13 language from 1917 to They also have access to Christian broadcasting and audio recordings. Aguaruna, Ahuajun (39,580) These people live in the northern part of Peru along the Arequipa department in the tropical forests, specifically along the Western upper Marañon River area, Potro, Mayo and Cahuapanas Rivers. They call themselves the Aents. They reside in long thatched houses approximately eighty feet long and forty feet wide. Most work by fishing, hunting, and raising cotton, tobacco, and manioc. A few collect rubber. Unlike most tribes today, they hold the land they had before European invasion. Because of this, they retained their tribal identity. Aguaruna is their mother tongue. Animism is their dominant religion, but 7% of the people hold to Christianity with evangelicals being less than 5%. The New Testament was published in 1973 and they have access to Christian audio recordings. Amahuaca, Ipitineri (610) These people inhabit the area around Sepahua, Curiuja, Upper Ucayali, Inuya, Mapuya, and Purus Rivers, across the border from the Brazilian states of Amazonas and Acre. The largest community can be found in Puesto Varadero, a jungle village. Over the years, they have attempted to avoid raids by other tribes and only scarcely interacted with Christian missionaries. In addition, they have been damaged by disease from outsiders and the influx of the gas reserve industry into their area. Many live in thatched roof houses which are on stilts to avoid flooding. Most of the women wear cotton skirts. In childhood, one normally receives a facial tattoo. They regularly adorn themselves with necklaces, headbands, armbands, anklets, bracelets, and rings. Another tradition is for the new mother to bury the umbilical cord in the ground. The women often participate and lead in a variety of labor including farming and transporting goods. Their lifestyle includes Stone Age farming and hunting. Most harvest manioc and corn. Amahuaca is their language but is not a complete written language. Cross cousin marriage is encouraged, but a wife is often shared with brothers. Pantheism and animism play a major role in their society. For instance, they hold to evil river spirits that can inflict disease into a person. The group depends on a shaman for protection against the spirits and he often utilizes telepathy and clairvoyance. Possibly a mixture of Christianity and animism, they believe that the soul travels either to heaven or the underworld after death. In heaven, one can be married and eat food. Only 5% of the people profess Christianity. Portions of the Bible have been translated from 1963 to They also have access to Christian audio recordings. h Amarakaire (1,020) These people are located along the Madre de Dios and Colorado Rivers. They are also recognized as Amarakaeri. Though conquered in the past by the Incas and Spanish, they have retained their tribal identity. In addition to invasion, disease from outsiders and the rubber industry greatly reduced their numbers. However, because of Catholic missions in the 1950s, many fled to those areas in order to hold to their identity. Today, most work as gold paners. Animism is their dominant religion while 3.5% of the people profess Christianity while.5% of those are evangelical. The New Testament was published in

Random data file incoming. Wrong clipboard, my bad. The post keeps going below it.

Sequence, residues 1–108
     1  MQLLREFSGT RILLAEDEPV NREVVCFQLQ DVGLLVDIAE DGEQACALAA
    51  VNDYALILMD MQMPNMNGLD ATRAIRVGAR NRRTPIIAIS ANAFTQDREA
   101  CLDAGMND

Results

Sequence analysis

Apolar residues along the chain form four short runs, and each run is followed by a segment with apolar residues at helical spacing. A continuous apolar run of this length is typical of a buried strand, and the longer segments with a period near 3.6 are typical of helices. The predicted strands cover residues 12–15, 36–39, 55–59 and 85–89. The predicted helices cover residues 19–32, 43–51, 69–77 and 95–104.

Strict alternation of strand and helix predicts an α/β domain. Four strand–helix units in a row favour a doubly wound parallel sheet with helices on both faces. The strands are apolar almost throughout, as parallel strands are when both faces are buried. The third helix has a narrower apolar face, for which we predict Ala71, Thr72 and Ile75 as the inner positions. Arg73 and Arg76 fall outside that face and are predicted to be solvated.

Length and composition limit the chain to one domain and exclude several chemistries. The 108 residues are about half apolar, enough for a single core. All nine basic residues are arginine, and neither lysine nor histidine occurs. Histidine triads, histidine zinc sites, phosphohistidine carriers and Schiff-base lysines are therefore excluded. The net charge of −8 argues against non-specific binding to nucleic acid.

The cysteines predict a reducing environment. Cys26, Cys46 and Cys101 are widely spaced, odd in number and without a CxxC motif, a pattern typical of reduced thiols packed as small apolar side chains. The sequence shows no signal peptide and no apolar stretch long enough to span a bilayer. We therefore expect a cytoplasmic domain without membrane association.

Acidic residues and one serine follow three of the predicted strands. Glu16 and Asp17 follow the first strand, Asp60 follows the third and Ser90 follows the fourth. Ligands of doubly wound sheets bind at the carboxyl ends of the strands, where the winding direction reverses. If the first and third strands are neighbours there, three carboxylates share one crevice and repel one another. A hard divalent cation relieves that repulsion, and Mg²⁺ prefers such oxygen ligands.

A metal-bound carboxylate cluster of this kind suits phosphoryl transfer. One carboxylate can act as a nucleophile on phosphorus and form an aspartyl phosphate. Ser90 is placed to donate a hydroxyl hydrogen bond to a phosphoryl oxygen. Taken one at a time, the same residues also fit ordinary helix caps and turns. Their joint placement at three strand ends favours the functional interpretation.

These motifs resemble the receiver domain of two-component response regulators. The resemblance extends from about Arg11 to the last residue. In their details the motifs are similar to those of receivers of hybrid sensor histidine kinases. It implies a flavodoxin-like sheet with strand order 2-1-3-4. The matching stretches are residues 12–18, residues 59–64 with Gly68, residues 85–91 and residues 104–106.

14 Amuesha, Lorenzo (4,060) These people reside near the Pozuzo, Churchuras, Huancabama, Palcazu, Pichi, Neguachi, Apuracayali, and Mais rivers in the departments of Pasco and Junin. They call themselves Yanesha and converse in that language. Franciscan missionaries made contact in Over the next few centuries, they had a severely negative or positive result i.e. killing the missionaries or embracing them. Most work by farming mainly coffee. Others collect rubber for cash. While Animism remains their primary religion, Christians make up 45% of the people. The New Testament was published in 1978 and they have access to audio recordings. Apurucayali Asheninca Campa (5,070) These people inhabit parts of Apurucayali tributary of the Pachitea River. Their mother tongue is Ajyinkinka Apurucayali. Animism is their dominant religion while evangelical Christians make up 1.4% of the people. However, widespread church planting has been conducted in the last two years. They do have access to Christian audio recordings. Arabela, Chiripunu (300) These people are located in the Amazon jungle around Arabela River, tributary of Napo in the province of Mayna. They call themselves Tapueyocuaca. Arabela is their native tongue, but is close to becoming extinct. Twenty-seven met with the Roman Catholic leader, Father Barrio, in 1945 and were baptized. Most work in farming, hunting, and fishing. Today, Christians make up 60% of the people with 5% being evangelicals. The New Testament was translated in 1986 and they have access to audio recordings in their language. Ashaninca Campa (15,220) These people inhabit parts of Apurimac, Ene, Perene, Tambo rivers and tributaries. Ashaninca is their mother language. Others recognize them as Campa, but it is considered derogatory by their people because it translates as ragged and dirty. In the twentieth century, they have been tied to guerilla warfare groups between themselves and the Peruvian government. For instance, they considered Lobaton, their messianic leader until his death around Recently, they have been tied to the group, Shining Path, who took many of them by force to join their movement. Children have a provisional name when they begin to walk, but their official name does not come until they are seven. Polygamy is common and women are often traded for goods with other tribes. Most farm, hunt, and gather. As farmers, they harvest corn, rice, beans, coffee, cacao, and citrus fruits. Schools have been nonexistent since the conflicts with the government began. Their mythology includes stories about the origins of the moon, cliffs, and their oppression by the whites. However, 65% of the people profess Christianity, while 35% claim animism. For instance, they hold to invisible and visible forces such as good and evil spirits. Good spirits can assume the form of animals. Death is feared because one s soul could return to earth in an evil form. Therefore, shamans are counted on to protect the villagers. Interestingly, they believe the earth will be destroyed; ridding it of all evil and a new world will come without sickness or death % of the people are evangelical. The New Testament was published in 1972 and they have access to audio recordings. Asheninca Campa, Perene (12,180) These people inhabit parts of Pichis and Sheshea tributaries of the Pachitea River. Asheninca Pichis is their mother language. Others recognize them as Campa, but it is 14